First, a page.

As defined by Wikipedia:
Crowd funding alternately, Crowdfunding (sometimes called crowd financing, equity crowdfunding, crowd sourced capital, or street performer protocol) describes the collective cooperation, attention and trust by people who network and pool their money and other resources together, usually via the Internet, to support efforts initiated by other people or organizations. Crowd funding occurs for any variety of purposes, from disaster relief to citizen journalism to artists seeking support from fans, to political campaigns, to funding a startup company, movie or small business or creating free software.
As defined by RoC:
Crowdfunding is a new medium by which start-ups and investors may connect to create a partnership by which to instigate and innovate much needed change in the world. With the reform of antiquated legal constructs, start-ups will be able to meet investors of their own choice and no longer be held down by the obstacles of traditional forms of capital that have existed to date.
Crowd = large group of people
Funding = process of gathering funds
Crowd + funding = gathering funds from a large group of people.
This as a standalone concept has existed for decades when a company issues securities by either issuing debt or equity. Not to bore anyone who doesn’t care about this, but effectively this is how companies are legally allowed to gather investors and how investors are able to generate a return from investing in these securities.
Recently a new phenomenon was borne. Regular people demonstrated extremely strong interest in funding projects that they thought were worthwhile or interesting and often in exchange for a gift of sorts instead of an actual financial return. Certain websites have been able to target creative projects to get them funding and have demonstrated extreme success.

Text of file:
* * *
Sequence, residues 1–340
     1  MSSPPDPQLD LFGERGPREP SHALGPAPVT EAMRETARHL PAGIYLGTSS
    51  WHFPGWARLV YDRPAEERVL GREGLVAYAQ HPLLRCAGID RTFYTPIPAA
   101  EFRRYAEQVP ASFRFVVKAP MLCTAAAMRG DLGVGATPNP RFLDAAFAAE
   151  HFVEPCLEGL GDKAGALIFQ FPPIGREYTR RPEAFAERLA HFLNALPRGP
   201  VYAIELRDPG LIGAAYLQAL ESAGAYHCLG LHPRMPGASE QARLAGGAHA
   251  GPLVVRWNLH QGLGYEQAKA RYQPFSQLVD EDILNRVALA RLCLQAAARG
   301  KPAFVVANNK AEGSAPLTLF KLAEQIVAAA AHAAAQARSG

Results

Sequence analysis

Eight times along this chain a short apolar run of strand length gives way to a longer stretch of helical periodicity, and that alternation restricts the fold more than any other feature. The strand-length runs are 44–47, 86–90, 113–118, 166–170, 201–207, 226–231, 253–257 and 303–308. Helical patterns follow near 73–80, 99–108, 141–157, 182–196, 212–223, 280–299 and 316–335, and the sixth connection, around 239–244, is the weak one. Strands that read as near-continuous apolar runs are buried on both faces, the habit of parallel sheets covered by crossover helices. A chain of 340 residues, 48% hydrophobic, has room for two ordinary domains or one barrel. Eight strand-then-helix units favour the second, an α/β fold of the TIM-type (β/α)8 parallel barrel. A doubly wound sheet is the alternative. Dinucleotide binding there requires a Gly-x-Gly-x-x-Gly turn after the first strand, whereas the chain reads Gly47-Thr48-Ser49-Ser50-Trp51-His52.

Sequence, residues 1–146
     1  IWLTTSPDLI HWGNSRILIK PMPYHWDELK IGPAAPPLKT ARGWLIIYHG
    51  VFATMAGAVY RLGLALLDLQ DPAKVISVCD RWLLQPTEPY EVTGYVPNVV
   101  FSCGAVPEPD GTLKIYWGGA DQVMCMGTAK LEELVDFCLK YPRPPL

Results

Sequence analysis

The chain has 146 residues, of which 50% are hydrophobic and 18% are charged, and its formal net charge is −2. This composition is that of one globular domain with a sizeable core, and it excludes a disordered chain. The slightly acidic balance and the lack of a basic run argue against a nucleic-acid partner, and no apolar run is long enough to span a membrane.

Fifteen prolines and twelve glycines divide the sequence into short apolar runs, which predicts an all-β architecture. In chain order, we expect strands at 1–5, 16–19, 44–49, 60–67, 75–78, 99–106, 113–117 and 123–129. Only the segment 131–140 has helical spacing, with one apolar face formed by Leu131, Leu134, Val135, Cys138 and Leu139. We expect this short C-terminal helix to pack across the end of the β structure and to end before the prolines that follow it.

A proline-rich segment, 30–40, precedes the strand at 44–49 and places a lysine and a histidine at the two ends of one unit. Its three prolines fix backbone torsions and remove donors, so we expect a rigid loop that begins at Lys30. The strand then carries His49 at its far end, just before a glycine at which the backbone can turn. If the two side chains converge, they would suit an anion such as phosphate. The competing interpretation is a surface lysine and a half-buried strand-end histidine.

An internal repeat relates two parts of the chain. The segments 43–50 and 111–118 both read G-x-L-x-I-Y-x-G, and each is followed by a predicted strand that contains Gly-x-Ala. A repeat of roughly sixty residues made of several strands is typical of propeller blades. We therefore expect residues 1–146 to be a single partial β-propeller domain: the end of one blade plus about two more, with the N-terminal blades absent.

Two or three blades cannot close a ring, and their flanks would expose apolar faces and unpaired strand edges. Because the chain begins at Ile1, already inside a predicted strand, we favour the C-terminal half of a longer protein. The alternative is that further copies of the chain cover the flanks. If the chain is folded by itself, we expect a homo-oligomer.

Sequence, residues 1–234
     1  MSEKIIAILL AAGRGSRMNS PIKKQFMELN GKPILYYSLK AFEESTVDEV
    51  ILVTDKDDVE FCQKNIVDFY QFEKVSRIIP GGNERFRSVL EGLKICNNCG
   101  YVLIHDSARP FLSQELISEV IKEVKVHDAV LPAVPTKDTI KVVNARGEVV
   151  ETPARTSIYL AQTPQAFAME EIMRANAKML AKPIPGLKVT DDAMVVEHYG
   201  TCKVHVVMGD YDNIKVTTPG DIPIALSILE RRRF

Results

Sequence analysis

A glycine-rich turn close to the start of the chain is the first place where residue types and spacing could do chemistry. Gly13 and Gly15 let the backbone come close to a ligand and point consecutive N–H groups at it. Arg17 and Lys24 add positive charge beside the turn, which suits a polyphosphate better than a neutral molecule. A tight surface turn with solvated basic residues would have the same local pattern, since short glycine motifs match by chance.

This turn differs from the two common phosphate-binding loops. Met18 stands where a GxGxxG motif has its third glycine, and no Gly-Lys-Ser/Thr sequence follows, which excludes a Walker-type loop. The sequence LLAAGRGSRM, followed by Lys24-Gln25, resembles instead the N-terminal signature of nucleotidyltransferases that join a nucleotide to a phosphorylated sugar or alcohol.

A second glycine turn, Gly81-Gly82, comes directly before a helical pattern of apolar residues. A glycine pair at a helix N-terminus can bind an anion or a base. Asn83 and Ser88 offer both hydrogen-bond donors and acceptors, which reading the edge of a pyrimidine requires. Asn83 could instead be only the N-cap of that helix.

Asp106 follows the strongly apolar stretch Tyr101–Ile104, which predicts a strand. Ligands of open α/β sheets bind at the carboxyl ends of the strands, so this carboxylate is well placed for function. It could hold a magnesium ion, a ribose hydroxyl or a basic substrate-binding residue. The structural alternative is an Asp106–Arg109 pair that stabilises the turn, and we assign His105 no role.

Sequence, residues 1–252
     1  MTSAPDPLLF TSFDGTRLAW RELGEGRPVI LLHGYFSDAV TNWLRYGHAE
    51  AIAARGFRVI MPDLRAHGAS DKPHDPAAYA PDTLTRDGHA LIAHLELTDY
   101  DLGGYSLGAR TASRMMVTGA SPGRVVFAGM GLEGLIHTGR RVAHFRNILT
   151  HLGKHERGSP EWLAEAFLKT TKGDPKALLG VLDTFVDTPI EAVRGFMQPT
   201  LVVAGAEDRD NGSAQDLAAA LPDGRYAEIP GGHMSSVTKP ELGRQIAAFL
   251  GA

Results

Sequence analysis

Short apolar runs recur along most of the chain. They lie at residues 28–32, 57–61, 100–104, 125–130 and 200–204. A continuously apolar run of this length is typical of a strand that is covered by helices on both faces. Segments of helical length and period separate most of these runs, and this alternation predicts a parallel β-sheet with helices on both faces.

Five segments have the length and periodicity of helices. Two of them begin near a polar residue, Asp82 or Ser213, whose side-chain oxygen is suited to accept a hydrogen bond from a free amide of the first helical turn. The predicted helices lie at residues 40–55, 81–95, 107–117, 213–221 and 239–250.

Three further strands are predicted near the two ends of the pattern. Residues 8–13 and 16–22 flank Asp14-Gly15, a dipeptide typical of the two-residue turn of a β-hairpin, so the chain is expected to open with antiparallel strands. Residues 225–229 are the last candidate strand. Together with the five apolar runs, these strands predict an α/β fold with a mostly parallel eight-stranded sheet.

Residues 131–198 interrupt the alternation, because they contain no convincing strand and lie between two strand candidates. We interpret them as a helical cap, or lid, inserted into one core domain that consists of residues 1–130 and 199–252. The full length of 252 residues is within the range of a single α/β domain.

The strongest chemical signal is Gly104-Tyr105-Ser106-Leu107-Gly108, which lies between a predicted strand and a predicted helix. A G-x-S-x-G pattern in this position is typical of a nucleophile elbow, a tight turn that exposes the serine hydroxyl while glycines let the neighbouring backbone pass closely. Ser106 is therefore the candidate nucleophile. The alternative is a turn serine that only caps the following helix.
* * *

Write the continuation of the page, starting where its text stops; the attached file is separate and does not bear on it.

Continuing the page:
So what is the problem with start ups utilizing crowdfunding to raise money for start-ups? Seems kind of bizarre that I’m not allowed to reach out to people and ask them to invest in my idea. Especially with the power of the internet and social media, I should just go out and ask people in my network to invest, right? In the United States, you were not legally permitted to solicit ‘investments’ on the Internet or on a general basis without registering with the government.
So we are allowed to gamble and give away money for free, but we were not allowed to invest nominal sums of money in innovative and high impact start ups that we believe will either do extremely well or transform society for the better.
With the new legislation that has been passed by Congress, the future of finance already looks brighter. While there are concerns that deregulation will lead to many issues with fraudsters, businesses and individuals transacting under false pretense and for dishonest purposes. While this is a real risk, the entire industry will succeed under a self-regulatory cover, for crowdfunding to be a success for start-ups all the parties involved, both business and investor, need to do their best to create an environment and community that would weed out the bad seeds.